When it comes to driving forward the transition to clean carbon-neutral fuels, there is no shortage of energy at AP Moller-Maersk
Fresh off its announcement that it would build the first carbon-neutral ship, the container shipping giant has signed a memorandum of understanding (MoU) with a coalition of industry heavy hitters to study the feasibility of developing a green ammonia supply chain in the Port of Singapore.
Joining Maersk in the effort are: Fleet Management Limited, Keppel Offshore & Marine, Maersk Mc-Kinney Moller Center for Zero Carbon Shipping, Sumitomo Corporation and Yara International. Under the MoU, the coalition will jointly conduct a feasibility study with the goal of establishing a comprehensive and competitive supply chain for the provision of green ammonia ship-to-ship bunkering at the Port of Singapore, the largest bunkering port in the world. With its growing LNG bunkering supply, Singapore is clearly advancing its plans to remain relevant in shipping’s multi-alternative fuel future.
Maersk said the study aims to cover the entire end-to-end supply chain of ammonia bunkering, which includes the development of a cost-effective green ammonia supply chain, design of ammonia bunkering vessels, as well as related supply chain infrastructure. Relevant government agencies and experts in Singapore will be engaged in working towards the standardisation of safe operation and regulations. The study will assess the supply of ammonia including potential synergies with LPG as a starting point, considering the comparable requirements for mild refrigerated storage, vessels or barges initially designed for LPG can also handle brown, blue and green ammonia.
Coalition members will each bring to bear their unique skillsets to the effort; Maersk will provide input specific to container vessels and will work on developing safe and reliable bunkering procedures for ammonia. Fleet Management Limited will work on developing safe and reliable operating bunkering procedures for the alternative marine fuels from a manning service provider’s point of view. Keppel will develop and design the newbuild ammonia bunkering vessel and ammonia-ready LPG bunkering vessel and lead in the co-ordination with relevant authorities in Singapore to establish port regulations and operational guidelines. The MMM centre will map all safety-related topics in an ammonia maritime technology roadmap.
The bunkering study will be integrated in a techno-economic model including detailed understanding of end-to-end cost and lifecycle analysis. Sumitomo Corp will structure, integrate and promote the end-to-end supply chain of green/blue/brown ammonia and LPG as the alternative marine fuels, which includes supply, transportation, storage and bunkering. Yara will lead in the feasibility evaluation of the supply of green/blue/brown ammonia to Singapore.
Emitting zero CO2 when combusted, ammonia has long been considered one of the most promising alternative marine fuels to reduce greenhouse gas (GHG) emissions within the shipping industry, which is in line with the International Maritime Organization (IMO) strategy to reduce CO2 emission by 2050. In particular, green ammonia possesses great potential as it is produced from only renewable electricity, water and air with no CO2 emission.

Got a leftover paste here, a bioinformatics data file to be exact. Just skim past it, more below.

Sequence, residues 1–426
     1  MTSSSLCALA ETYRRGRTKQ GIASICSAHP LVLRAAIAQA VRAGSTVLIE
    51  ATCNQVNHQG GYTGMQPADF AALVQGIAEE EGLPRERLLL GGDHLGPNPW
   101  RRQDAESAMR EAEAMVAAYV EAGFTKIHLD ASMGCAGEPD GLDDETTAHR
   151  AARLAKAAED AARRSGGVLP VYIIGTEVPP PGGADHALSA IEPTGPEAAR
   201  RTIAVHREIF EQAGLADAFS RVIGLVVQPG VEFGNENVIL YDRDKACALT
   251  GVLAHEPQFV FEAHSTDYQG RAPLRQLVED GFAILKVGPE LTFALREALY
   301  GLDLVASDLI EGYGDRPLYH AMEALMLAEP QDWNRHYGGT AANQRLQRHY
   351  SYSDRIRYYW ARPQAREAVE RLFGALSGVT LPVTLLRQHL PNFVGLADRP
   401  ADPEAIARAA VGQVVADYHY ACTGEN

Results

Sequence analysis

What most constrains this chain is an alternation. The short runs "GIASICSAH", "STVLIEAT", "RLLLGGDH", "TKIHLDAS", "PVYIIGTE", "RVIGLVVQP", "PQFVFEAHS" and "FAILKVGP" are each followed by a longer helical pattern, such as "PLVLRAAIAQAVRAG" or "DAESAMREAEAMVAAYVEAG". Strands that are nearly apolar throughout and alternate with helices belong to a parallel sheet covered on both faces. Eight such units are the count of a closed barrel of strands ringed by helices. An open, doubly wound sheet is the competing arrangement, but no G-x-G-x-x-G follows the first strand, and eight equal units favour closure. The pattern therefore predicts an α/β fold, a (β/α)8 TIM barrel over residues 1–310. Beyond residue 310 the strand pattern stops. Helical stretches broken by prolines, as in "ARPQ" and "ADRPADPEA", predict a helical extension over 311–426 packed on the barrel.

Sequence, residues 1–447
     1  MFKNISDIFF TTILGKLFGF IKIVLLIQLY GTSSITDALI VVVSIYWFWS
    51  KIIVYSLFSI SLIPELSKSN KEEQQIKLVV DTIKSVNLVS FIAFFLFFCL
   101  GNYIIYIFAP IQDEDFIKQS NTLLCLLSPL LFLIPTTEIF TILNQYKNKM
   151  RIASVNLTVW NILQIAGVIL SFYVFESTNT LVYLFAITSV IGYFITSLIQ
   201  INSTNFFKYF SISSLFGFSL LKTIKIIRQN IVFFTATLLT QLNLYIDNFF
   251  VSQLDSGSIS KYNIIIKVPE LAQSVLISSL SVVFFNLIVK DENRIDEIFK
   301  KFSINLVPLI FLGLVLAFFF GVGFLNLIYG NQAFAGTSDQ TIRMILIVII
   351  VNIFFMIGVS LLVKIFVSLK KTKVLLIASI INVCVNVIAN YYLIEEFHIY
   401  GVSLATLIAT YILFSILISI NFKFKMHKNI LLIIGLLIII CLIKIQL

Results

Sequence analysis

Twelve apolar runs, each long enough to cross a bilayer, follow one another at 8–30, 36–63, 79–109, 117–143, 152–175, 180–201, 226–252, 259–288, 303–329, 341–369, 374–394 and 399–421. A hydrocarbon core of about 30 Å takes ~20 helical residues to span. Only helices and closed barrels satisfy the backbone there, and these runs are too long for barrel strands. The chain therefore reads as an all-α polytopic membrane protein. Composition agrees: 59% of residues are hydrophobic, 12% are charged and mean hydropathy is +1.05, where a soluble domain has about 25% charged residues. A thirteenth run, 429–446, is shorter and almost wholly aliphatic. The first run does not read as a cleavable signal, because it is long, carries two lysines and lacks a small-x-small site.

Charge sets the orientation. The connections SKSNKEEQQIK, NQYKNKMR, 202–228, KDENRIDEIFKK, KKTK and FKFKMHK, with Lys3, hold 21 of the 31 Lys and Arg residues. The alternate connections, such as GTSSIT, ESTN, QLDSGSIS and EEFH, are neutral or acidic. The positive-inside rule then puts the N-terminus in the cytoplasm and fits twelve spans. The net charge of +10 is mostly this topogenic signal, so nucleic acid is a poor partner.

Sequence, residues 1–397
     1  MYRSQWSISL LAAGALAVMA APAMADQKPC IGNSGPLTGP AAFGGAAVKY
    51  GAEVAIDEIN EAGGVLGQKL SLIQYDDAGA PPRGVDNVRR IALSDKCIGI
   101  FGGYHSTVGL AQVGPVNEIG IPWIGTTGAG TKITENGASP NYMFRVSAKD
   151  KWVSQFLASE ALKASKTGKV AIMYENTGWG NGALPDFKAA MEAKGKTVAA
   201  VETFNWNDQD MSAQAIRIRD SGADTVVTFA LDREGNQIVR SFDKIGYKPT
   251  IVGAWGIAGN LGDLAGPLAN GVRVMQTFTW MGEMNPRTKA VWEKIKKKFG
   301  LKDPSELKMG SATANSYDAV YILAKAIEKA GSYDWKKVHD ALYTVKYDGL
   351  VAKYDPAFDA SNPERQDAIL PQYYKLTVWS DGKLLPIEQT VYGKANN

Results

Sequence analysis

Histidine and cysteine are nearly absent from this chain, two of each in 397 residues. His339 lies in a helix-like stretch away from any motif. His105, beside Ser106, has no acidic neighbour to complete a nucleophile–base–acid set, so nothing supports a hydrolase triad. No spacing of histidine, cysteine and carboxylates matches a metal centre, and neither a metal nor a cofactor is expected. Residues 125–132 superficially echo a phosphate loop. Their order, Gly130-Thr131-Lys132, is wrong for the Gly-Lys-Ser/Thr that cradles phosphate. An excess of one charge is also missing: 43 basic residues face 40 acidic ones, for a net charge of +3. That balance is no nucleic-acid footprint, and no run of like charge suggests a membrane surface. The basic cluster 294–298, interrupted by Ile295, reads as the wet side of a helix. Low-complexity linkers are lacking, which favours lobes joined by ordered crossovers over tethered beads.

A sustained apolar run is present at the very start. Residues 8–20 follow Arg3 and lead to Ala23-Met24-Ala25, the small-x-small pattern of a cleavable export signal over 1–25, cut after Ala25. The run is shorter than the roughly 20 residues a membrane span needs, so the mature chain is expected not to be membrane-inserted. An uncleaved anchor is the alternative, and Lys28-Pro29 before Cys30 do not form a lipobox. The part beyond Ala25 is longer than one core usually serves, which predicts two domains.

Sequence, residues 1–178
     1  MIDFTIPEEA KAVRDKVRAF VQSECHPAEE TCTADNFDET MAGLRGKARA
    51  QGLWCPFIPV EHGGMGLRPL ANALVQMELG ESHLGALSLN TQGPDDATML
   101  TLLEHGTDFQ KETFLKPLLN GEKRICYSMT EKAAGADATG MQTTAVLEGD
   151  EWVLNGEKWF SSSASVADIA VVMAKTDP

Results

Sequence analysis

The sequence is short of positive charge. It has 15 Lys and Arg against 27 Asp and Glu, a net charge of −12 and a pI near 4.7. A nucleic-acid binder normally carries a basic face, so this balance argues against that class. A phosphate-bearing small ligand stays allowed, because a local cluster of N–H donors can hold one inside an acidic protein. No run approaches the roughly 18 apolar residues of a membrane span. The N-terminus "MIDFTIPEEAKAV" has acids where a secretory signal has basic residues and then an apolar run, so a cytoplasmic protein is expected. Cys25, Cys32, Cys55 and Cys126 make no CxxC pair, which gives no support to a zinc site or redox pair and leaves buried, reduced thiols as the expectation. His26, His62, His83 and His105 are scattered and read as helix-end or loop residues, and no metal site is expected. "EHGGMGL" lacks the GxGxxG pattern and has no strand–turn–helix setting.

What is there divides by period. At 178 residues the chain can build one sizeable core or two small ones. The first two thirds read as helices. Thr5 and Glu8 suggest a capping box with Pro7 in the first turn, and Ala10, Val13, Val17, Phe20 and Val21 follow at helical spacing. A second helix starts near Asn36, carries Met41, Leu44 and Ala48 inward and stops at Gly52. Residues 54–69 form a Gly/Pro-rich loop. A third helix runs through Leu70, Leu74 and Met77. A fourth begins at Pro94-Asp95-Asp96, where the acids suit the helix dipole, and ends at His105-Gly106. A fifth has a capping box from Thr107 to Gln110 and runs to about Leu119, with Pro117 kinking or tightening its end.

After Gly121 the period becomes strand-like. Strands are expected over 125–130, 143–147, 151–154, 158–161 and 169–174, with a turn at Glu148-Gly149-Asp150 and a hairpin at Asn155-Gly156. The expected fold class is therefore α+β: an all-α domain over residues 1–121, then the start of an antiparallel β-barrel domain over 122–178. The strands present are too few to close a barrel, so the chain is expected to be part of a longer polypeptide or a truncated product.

AP Moller-Maersk vice president and head of decarbonisation Morten Bo Christiansen said “Alongside methanol, at AP Moller-Maersk we see green ammonia as an important future fuel for the decarbonisation of our fleet. A dual-fuel ammonia engine is currently under development, but for green ammonia to fuel our vessels in the future we also have supply, infrastructure and safety-related challenges to solve, not least when it comes to bunkering operations. We are pleased to work with renowned companies in this field to pave the way for ammonia as a future fuel to decarbonise global shipping.”
Fleet Management managing director Kishore Rajvanshy said “We participate with our technical expertise across ship types to provide holistic solutions to sustainability, and alongside other alternative fuels such as methanol, we feel ammonia will play a significant role”.
Keppel Offshore & Marine chief executive Chris Ong said, “There are multiple routes to the decarbonisation of the marine industry and we are pleased to be able to leverage our expertise in engineering and bunkering to spearhead the development of cleaner marine fuels such as ammonia. This includes the design of ammonia bunkering and ammonia-powered vessels, as well as developing the value chain necessary for the adoption of ammonia. This is in line with Keppel’s Vision 2030, which includes seizing opportunities in new energy.”
Maersk Mc-Kinney Moller Center for Zero Carbon Shipping chief executive Bo Cerup-Simonsen, said “It is key to understanding the complete lifecycle and safety implications of any future fuel across the supply chain. This project will address gaps in infrastructure and regulation and bring forward the solutions needed for safe operations and bunkering of ammonia in ports. We truly look forward to the collaboration and to contribute to this important work.”
Added Yara clean ammonia executive vice president Magnus Ankarstrand, “Ammonia as an energy carrier is an enabler of the energy transition and we recognise the need for value-chain collaboration to make zero-emissions shipping by using ammonia as a fuel a reality.”
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